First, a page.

Things to Keep in Mind When It Comes to Your Water Heater
Your hot water heater is probably the most underappreciated machine in your home. Really – without your water heater, you wouldn’t have any of these luxuries:
- Steamy showers
- Toasty baths
- Disinfected dishes
- Sanitized towels and sheets
- Hot water, period.
Given the significance of the water heater, do you truly know enough about it? We’re here to provide a few things to remember when it comes to replacing, maintaining, and servicing your water heater.
The typical lifespan of residential water heaters is 10-12 years.
Natural gas and electric water heaters will usually last about a decade before you need to consider replacing the water heater. If you aren’t sure what age your water heater is, the date the equipment was manufactured will be shown in the serial number which you can find on the ID sticker on the water heater tank.
Maturing water heaters are nothing to mess around with. A water heater that is ten years or older is at greater risk of getting a leak and leading to water damage to your home. If your water heater is in your attic or above the first floor, the potential for catastrophic damage rises. Make sure you have your water heater maintenance every year to prevent any leaks from creating damage in your home.
The most typical failure of residential water heaters that will need replacement is a leaking tank.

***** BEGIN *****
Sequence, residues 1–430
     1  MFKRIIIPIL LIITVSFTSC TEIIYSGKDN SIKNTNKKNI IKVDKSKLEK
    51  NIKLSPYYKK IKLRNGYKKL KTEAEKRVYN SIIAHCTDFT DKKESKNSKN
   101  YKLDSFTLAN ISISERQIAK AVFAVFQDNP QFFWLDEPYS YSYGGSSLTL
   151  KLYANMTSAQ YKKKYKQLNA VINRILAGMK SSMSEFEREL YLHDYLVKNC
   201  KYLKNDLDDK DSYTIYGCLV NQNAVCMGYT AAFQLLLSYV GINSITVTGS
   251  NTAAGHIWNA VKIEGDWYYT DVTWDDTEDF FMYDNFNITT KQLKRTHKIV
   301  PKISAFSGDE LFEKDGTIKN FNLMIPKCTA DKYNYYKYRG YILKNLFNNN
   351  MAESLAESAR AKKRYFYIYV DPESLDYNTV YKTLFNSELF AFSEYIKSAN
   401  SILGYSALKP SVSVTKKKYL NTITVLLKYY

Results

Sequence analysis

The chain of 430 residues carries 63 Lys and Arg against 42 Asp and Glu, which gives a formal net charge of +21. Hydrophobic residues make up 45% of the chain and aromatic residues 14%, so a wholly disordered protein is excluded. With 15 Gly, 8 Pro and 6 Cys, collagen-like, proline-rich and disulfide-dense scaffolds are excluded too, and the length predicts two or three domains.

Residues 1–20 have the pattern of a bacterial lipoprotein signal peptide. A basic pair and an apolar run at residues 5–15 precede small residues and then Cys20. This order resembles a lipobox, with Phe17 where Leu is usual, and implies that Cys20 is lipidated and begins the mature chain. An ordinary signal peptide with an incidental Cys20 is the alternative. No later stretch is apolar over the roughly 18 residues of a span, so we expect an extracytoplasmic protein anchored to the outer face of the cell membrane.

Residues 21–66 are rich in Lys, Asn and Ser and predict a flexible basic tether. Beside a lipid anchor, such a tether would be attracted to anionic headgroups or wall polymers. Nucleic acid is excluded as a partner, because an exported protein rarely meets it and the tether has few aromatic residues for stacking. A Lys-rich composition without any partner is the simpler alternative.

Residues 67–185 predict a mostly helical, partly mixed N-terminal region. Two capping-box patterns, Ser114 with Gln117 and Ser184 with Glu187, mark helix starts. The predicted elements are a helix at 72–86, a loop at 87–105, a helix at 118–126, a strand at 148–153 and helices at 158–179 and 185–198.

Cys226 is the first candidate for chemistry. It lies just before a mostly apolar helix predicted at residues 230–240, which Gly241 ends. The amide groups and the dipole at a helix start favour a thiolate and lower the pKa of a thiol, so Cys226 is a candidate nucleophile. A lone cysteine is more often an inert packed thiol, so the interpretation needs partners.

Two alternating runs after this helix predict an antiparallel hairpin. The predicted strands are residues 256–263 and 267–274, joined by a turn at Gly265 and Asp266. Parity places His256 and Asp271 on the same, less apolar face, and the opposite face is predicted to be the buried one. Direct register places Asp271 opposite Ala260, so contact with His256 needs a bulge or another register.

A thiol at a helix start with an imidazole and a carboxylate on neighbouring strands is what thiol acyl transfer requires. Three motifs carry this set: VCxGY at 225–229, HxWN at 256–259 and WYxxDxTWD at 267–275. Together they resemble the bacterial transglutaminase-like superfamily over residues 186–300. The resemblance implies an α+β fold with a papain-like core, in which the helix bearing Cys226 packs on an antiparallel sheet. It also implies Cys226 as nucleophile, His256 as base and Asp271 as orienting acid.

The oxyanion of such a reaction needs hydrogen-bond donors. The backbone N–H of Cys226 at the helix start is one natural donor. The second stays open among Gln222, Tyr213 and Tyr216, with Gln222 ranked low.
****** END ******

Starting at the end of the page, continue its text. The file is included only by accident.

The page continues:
It is best to have your plumbing expert install the water heater in a drain pan with piping that lets the pan to drain outside of your home and decrease the potential of water damage. All water heaters should have a operational and accessible cut-off valve on the inlet water supply to the tank, and a ball-type valve on the gas supply. For electric water heaters, an electrical switch off should be positioned within reach.
If a water heater is “undersized,” in particular a gas water heater, the system will fail in a shorter period of time.
When a gas water heater is routinely depleted of hot water due to heavy hot water use, the gas burner fires repeatedly which can produce heavy condensation on the tank exterior. The condensation can produce more rapid deterioration of the steel tank. Furthermore, the exceptional heat from the gas burner on the underside of the water heater tank can also deteriorate the glass lining on the inner section of the tank, which decreases the lifespan of the water heater.
Water Heater sizing is a significant replacement factor.
All water heaters are under pressure from the water supply, and as water is heated, it expands creating even more pressure. When contemplating replacing a water heater, it’s usually better to go with a sizable 50 gallon tank, rather than a 30 or 40 gallon tank, presuming the location will accept the larger size. The bigger tank will also provide you more hot water capacity.